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ANDY MURCH BIO

 

WHAT IS ELASMODIVER?

Not just Shark Pictures: Elasmodiver contains photos of sharks, skates, rays, and chimaera's from around the world. Elasmodiver began as a simple web based shark field guide to help divers find the best places to encounter the different species of sharks and rays that live in shallow water but it has slowly evolved into a much larger project containing information on all aspects of shark diving and shark photography.

There are now more than 10,000 shark pictures  and sections on shark evolution, biology, and conservation. There is a large library of reviewed shark books, a constantly updated shark taxonomy page, a monster list of shark links, and deeper in the site there are numerous articles and stories about shark encounters. Elasmodiver is now so difficult to check for updates, that new information and pictures are listed on an Elasmodiver Updates Page that can be accessed here:

WHAT'S NEW?

Shark picture - green sawfish

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ATLANTIC COWNOSE RAY

atlantic cownose ray

 

Atlantic cownose ray

View all available Atlantic Cownose Ray Pictures in the Shark Pictures Database

Common Names: Atlantic Cownose Ray, Cownosed Ray.

Latin Name: Rhinoptera bonasus

Family: Rhinopteridae

Identification: Pectoral Fins wide and falcate (sickle shaped). Bulbous head with concave leading edge (as in a cows nose hence common name). Single dorsal fin present at base of tail. Tail long and whiplike. Dorsum generally mid to dark brown. Ventrum pale with dusky pectoral fin tips. Individual species of cownose rays are very difficult to identify by visual clues alone and geographic range of different species partially overlap. Max size can be a useful clue. Accurate identification is possible by examination of tooth plates and vertebral counts of dead specimens.

Size: Maximum disc width 213cm. Disc width at birth 36cm.

Habitat: Inshore waters, beaches, seamounts, mangroves, to 60m depth.

Abundance and distribution: Eastern Atlantic from Mauritania, Senegal, and Guinea. Western Atlantic from New England to Brazil.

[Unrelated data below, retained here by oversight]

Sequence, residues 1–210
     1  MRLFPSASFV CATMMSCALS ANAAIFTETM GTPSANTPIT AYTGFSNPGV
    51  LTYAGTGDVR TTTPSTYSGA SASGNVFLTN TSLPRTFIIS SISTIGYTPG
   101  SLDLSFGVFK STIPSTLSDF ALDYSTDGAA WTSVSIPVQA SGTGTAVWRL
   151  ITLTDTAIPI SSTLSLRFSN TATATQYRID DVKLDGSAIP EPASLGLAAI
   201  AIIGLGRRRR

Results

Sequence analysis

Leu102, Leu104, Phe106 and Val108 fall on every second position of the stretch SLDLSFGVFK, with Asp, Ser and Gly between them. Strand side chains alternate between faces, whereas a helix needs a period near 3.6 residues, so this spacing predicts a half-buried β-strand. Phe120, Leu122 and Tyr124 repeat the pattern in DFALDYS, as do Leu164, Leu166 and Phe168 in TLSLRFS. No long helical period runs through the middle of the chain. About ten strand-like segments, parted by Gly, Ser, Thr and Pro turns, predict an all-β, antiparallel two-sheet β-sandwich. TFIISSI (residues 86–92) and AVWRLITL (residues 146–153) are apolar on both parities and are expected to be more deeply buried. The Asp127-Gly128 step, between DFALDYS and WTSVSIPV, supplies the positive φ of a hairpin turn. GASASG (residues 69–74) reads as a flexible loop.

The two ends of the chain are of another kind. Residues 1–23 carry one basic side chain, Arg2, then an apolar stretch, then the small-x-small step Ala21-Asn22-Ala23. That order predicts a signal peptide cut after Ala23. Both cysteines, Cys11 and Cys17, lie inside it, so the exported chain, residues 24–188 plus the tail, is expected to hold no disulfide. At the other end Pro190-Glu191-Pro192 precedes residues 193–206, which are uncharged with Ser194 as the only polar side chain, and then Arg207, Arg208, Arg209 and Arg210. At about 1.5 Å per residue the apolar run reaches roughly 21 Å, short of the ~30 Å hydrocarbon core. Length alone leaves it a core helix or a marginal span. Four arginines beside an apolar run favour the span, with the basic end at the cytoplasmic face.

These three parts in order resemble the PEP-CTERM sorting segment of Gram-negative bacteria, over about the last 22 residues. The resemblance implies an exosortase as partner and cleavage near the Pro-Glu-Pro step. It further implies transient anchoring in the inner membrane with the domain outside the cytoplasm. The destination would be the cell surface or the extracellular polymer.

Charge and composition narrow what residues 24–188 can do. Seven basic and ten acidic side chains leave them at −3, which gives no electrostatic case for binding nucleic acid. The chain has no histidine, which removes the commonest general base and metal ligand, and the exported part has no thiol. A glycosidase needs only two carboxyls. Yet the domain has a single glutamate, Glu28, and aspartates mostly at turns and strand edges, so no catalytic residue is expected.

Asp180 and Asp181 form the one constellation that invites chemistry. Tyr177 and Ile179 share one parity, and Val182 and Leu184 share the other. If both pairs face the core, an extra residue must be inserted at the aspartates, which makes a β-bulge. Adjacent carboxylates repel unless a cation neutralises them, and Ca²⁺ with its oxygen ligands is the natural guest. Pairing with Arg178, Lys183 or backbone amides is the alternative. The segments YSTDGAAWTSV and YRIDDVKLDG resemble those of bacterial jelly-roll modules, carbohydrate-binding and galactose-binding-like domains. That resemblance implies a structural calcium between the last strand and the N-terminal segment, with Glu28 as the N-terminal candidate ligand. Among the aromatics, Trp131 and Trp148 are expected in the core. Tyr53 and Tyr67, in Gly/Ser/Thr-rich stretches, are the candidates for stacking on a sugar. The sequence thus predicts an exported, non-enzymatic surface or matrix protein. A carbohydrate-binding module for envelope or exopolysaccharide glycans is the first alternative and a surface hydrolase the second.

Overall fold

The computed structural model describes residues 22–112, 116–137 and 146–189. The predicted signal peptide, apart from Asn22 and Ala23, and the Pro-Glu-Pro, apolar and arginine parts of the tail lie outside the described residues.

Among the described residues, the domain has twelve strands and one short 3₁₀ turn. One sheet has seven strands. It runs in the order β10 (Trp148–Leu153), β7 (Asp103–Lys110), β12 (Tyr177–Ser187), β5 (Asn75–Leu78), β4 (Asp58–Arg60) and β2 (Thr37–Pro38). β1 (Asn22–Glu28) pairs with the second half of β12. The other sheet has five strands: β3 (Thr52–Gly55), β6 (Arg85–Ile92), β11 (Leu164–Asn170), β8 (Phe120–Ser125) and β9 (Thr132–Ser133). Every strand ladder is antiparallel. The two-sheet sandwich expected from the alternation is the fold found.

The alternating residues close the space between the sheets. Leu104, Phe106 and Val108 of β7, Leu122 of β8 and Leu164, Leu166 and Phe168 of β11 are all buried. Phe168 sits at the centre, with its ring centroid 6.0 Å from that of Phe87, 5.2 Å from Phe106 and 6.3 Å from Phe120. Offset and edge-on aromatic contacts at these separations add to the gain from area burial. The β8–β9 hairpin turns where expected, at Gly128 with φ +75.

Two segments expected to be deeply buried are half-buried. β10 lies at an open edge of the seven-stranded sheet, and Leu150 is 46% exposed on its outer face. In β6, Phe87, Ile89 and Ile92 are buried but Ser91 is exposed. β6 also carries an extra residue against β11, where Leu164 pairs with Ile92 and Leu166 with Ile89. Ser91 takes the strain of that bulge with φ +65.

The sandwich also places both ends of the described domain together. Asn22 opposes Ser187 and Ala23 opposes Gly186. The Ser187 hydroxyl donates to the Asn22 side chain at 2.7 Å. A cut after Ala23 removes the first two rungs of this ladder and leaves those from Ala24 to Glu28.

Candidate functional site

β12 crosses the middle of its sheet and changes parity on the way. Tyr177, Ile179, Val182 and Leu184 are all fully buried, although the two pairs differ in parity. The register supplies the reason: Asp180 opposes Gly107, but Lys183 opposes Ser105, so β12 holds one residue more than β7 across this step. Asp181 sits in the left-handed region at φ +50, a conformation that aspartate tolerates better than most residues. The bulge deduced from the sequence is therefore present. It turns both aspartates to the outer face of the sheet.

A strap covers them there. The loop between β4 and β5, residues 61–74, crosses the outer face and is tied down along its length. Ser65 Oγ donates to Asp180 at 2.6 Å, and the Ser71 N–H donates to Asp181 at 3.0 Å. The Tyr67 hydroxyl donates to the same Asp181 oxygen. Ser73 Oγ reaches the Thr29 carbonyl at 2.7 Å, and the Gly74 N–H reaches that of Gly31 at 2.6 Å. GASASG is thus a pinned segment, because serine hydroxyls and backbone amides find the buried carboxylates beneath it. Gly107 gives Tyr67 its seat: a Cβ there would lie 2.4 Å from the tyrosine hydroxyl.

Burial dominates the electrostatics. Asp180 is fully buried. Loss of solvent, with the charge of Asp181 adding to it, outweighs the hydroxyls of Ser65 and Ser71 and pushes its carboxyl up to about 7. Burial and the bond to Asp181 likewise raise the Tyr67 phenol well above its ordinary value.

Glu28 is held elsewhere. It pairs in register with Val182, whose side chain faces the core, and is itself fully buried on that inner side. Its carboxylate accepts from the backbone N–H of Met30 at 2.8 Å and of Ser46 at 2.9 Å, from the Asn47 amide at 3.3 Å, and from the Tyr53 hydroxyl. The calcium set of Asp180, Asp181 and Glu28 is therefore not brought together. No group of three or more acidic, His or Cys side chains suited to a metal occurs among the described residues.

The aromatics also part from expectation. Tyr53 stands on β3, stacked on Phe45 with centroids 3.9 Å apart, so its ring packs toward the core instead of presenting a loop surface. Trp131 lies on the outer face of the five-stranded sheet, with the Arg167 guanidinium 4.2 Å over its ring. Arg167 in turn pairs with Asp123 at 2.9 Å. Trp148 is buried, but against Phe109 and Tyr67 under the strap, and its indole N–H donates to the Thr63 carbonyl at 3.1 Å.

Behavior: Swims in chools or singly. Stirs up sediment by flapping pectoral fins to find prey (mollusks and crustaceans).

Reproduction: Females give birth in protected mangrove areas.

Observations: I have seen a school of Atlantic Cownose Rays in Palama City FL. weaving between swimmers on the beach in 4ft of water.

Photographs: Florida.

Similar species: Cownose Ray species are difficult to identify from one another without close examination. Best clues include size and Geographic location.

Reaction to divers: As mentioned above, I have witnessed these rays swimming semingly oblivious around bathers but generally they are hard to approach or even locate.

Diving logistics: If you know of any area where cownosed rays can be reliably found please contact elasmodiver.

Other locations for viewing Atlantic Cownose Rays submitted by readers:

Locations submitted by Chris Strong:

I see them whenever I go to the Outer Banks and go out on the Frisco fishing pier.  The viewing height makes it easier to see them.   They come up near the surface, usually in pairs, then disappear again.   I've seen them reliably from the Frisco fishing pier northeast towards the point.  There are some real monsters.   Just this last Friday I caught a 35-40 pounder while fishing near the Billy Mitchell airport.   I had fun trying to get it in, then released it unharmed.    This stretch of shallow water seems to be attractive for them, at least when I've been there (usually from the last couple of weeks in April through the first couple of weeks in May).   I do not know about other times of the year.

This area seems to be popular with Sandbar Tiger Sharks also.   I usually hear of someone catching one or two sizable ones each year.   I pulled in about a 20-25 pounder about 10 or 15 minutes after I landed the ray.    I think that this area would prove promising for observing rays, however the riptides are treacherous there.

Further reading:

       Reef Sharks and Rays of the World. Scott W. Michael. Sea Challengers.

       Sharks and Rays - Elasmobranch Guide of the World. Ralf M. Hennemann. IKAN.  

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